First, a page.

Growing up, music was always around in my house. My parents had their record player and we would throw on a record on Saturdays- Bernstein’s Mass, Yes, or something else. It depended on whose turn it was to choose. Other days, we would rifle through the CD collection and blast stuff- Queen, soundtracks, and more. There was always a huge variety, and music seemed ever-present. We had a piano, hopelessly out of tune, but it was ours. That meant there was sheet music stuffed in the bench, and in other nooks and crannies. Music was just part of the fabric of my life.
As a result, I had musical pursuits growing up. There was the musical I was in because they needed a small child (how could I say no to getting out of school for a bit to help at the high school?) Next was the children’s choir, and the instrument I just had to learn to play. Mine was the clarinet- all because of Mr. Holland’s Opus. I learned to read music and hold my own part and be an independent musician, all before I started high school.
So throughout high school and college, music was an integral piece of my life. Rehearsals had their own special place in my schedule, and learning and rehearsing music was part of everyday routine. I had discovered a passion that I wasn’t willing to part with despite homework, and stress, and anything else that came my way. At one point, I was working full time, finishing-up my Bachelor’s degree with high honors, taking weekly voice lessons, and singing in the school chorus. It all just flowed together in harmony- pun not intended!
Eventually, I finished my schooling and my chosen profession called. It was time to start working in my field and venture out into the “real world.” The transition to full time employment and life after graduate school wasn’t easy, but I did love my daily work. I enjoyed learning about my job and all the new opportunities my career could afford me. After a while, I found that I was tired at the end of a day. I felt as if I couldn’t really do much besides work and sleep. I barely had time to spend with my boyfriend and we lived together. Something was off and I couldn't quite identify it. It kept eluding me as I simply struggled to survive every day that came.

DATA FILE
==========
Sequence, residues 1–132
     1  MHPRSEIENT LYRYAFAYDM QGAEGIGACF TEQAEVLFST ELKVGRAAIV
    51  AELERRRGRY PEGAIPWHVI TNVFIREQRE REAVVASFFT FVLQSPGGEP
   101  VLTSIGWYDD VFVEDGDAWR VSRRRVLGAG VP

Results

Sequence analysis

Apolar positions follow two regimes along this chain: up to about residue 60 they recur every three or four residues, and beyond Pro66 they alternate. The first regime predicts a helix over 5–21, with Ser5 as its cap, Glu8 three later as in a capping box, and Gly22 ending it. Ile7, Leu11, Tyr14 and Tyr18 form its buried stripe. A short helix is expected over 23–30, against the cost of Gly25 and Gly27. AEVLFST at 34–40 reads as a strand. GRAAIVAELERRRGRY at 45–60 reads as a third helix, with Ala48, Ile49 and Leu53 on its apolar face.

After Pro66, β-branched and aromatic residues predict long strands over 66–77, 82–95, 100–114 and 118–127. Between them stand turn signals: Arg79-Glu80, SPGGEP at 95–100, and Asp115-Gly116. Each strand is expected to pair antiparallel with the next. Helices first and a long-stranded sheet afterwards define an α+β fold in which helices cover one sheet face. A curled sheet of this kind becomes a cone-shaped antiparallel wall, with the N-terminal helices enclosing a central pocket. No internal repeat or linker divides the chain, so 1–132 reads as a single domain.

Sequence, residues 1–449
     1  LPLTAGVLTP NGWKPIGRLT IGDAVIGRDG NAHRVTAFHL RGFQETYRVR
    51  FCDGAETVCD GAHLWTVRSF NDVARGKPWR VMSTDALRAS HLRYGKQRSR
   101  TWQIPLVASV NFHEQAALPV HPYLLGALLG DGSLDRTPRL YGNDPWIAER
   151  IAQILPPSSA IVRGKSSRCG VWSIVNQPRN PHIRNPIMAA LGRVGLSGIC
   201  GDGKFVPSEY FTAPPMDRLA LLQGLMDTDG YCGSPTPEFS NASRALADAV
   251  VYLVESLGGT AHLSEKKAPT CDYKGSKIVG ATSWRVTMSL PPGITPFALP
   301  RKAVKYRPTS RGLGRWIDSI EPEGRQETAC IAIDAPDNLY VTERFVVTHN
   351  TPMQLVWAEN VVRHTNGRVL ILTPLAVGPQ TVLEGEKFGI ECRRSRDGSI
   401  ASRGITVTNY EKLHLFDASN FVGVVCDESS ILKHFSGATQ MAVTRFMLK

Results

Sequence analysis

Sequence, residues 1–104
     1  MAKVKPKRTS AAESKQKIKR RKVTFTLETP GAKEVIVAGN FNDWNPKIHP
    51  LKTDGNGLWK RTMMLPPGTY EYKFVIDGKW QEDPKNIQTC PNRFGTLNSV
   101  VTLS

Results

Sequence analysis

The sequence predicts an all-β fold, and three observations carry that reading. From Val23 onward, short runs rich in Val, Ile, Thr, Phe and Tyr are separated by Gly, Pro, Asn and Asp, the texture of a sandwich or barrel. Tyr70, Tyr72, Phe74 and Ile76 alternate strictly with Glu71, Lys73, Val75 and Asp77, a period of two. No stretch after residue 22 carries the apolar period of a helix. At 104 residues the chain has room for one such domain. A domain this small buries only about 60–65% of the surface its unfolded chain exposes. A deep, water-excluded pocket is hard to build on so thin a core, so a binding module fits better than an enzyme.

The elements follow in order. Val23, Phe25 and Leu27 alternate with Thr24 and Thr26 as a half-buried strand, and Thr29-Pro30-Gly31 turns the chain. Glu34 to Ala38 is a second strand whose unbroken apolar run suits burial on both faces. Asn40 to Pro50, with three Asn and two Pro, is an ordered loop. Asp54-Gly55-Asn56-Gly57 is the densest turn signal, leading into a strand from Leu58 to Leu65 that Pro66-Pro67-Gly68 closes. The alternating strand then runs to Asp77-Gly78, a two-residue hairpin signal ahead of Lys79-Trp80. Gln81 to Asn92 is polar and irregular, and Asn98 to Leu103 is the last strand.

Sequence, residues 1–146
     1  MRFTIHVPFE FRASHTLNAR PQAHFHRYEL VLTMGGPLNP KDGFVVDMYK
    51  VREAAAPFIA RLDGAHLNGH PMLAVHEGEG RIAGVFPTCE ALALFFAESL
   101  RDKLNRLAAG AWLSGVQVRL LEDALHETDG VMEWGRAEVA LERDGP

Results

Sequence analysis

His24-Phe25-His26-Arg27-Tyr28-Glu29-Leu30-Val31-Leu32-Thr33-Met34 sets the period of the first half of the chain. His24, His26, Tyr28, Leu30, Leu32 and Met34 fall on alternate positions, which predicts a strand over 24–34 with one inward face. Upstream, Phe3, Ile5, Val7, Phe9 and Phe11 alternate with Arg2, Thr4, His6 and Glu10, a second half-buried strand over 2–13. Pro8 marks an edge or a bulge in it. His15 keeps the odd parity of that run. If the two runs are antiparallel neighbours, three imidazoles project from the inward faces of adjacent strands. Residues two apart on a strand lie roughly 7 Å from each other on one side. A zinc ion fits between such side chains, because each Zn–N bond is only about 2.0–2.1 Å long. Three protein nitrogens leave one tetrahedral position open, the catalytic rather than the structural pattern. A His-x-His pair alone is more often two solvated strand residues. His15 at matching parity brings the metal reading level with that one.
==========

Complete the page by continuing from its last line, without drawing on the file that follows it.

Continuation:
One night, after another evening spent struggling to keep my eyes open, my boyfriend pointed out to me that I hadn’t sung in a while. “You said it was something that was important in your life. Go find a group. Get out of the house. Go sing again,” he said.
So, I showed up to a rehearsal on a Thursday night in October and I was home. I wasn’t even there more than an hour and I knew I needed to be in this place. It was the kind of feeling that was entirely unexpected but desperately needed. I wasn't scared about the volume of new music to learn, I felt welcomed, and excited about something for the first time in a while. So, I joined Merrimack Valley Chorus. And I haven’t looked back.
Come visit us, and you may end up finding a home, too.
(Kate Bonci sings Bass in Merrimack Valley Chorus and with the quartet, Lashes. She is pictured above with Lashes, 3rd from the left)